WSOP 2008 Event #30, $10,000 World Championship Limit Hold'em, Final Results and Report

WSOP 2008 Event #30, $10,000 World Championship Limit Hold'em, Final Results and Report

Number of Entries: 218
Total Net Prize Pool: $ 2,049,200
June 15-17, 2008

The Winner

Rob Hollink
Rob Hollink

Final Results

1 Rob Hollink $496,931 Groningen Netherlands
2 Jerrod Ankenman $307,380 Avon Connecticut
3 Tommy Hang $194,674 Seattle Washington
4 Aaron Katz $158,813 Seattle Washington
5 J.C. Tran $128,075 Sacramento California
6 Brock Parker $102,460 Silver Spring Maryland
7 Andy Bloch $81,968 Las Vegas Nevada
8 Cyril Jassinowsky $66,599 Johannesburg South Africa
9 Christopher Vitch $51,230 San Diego California
10 Eric Buchman $35,861 Valley Stream New York
11 Richard Chase $35,861 Malibu California
12 Eric Froehlich $35,861 Springfield Virginia
13 Shunjiro Uchida $30,738 Las Vegas Nevada
14 Steve Sung $30,738 Torrance California
15 Michael Mizrachi $30,738 Miramar Florida
16 Matthew Woodward $25,615 Waterboro Maine
17 John Barch $25,615 McKinney Texas
18 Kieu Duong $25,615 Mays Landing New Jersey
19 Todd Witteles $20,492 Las Vegas Nevada
20 Thomas Johnston $20,492    
21 Hoyt Corkins $20,492 Las Vegas Nevada
22 Spencer Lawrence $20,492 Wimbledon England
23 Dewey Tomko $20,492 Haines City Florida
24 Gregory DeBora $20,492 Toronto Ontario, Canada
25 Terrence Chan $20,492 Vancouver British Columbia, Canada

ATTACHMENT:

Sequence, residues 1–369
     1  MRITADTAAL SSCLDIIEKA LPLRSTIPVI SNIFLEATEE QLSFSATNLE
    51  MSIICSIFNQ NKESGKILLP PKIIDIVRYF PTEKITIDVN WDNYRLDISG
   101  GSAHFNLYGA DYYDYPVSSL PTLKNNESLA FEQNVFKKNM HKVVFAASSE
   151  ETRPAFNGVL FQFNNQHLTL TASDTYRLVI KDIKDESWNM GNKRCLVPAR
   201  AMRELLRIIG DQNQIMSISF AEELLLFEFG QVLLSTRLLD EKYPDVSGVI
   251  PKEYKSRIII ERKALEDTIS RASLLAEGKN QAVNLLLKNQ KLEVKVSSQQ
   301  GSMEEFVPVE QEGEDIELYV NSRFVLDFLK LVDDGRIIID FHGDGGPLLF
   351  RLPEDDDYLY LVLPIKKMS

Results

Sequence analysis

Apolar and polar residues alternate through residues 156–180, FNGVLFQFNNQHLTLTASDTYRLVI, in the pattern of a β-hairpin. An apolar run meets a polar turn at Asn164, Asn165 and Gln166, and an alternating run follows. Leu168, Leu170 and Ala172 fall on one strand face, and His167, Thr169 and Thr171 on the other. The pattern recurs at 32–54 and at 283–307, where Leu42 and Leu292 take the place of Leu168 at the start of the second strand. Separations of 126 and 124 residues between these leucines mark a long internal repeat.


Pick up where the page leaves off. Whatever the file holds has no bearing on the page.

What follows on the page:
26 Patrick Bueno $20,492   France
27 Alex Kravchenko $20,492 Moscow Russia

Tournament Notes

The $10,000 buy-in Limit Hold’em World Championship attracted a highly-competitive field of 218 entries, creating a prize pool totaling $2,049,200. The top 27 finishers collected prize money.

While all 55 WSOP tournaments on the 2008 schedule are categorized as “gold bracelet” events, this is also known as a “world championship” event. This means the winner of this event is the Limit Hold’em world champion. Beginning this year, all $10,000+ buy-in tournaments are designated as official world championships. Ten WSOP tournaments qualify under these guidelines -- a list which includes eight gold bracelet tournaments with $10,000 buy-ins, the $50,000 buy-in HORSE event, and the Main Event.

This is the highest buy-in Limit Hold’em tournament in history. Previously, the highest buy-in Limit Hold’em tournament had been $5,000. Last year, the highest buy-in Limit Hold’em event was $3,000.

Limit Hold’em was the most popular varient of tournament poker for a 15-year period between 1988 and 2003. Limit Hold’em was also the dominant form of poker played in public cardrooms from the mid-1980s (when California law changed to allow flop games) until a few years ago. In fact, during much of the 1980s and 90s finding a No-Limit Hold’em game was next to impossible. For many years at the World Series of Poker, Limit Hold’em events attracted more total entries than No-Limit Hold’em events.

Limit Hold’em tournaments are now spread less frequently. For instance, there are only three Limit Hold’em events on the 2008 WSOP schedule, versus 25 No-Limit Hold’em events. This was the second of three such events.

The tournament was played over three consecutive days. The final table was played on the ESPN main stage and was broadcast by Bluff Media on ESPN360. NFL play-by-play announcer Howard David was joined by poker pro and author Barry Tanenbaum on the live coverage.

This finale took place at the same time as the conclusion of the $3,000 buy-in No-Limit Hold’em championship (Event #29), which took place at the secondary final table.

The winner was Rob Hollink, from Groningen, Holland. He is a 46-year-old professional poker player. He is divorced and has three children.

Groningen is in the northernmost part of Holland. It is very near the German border.

Hollink collected $496,931 for first place. He also earned his first WSOP gold bracelet.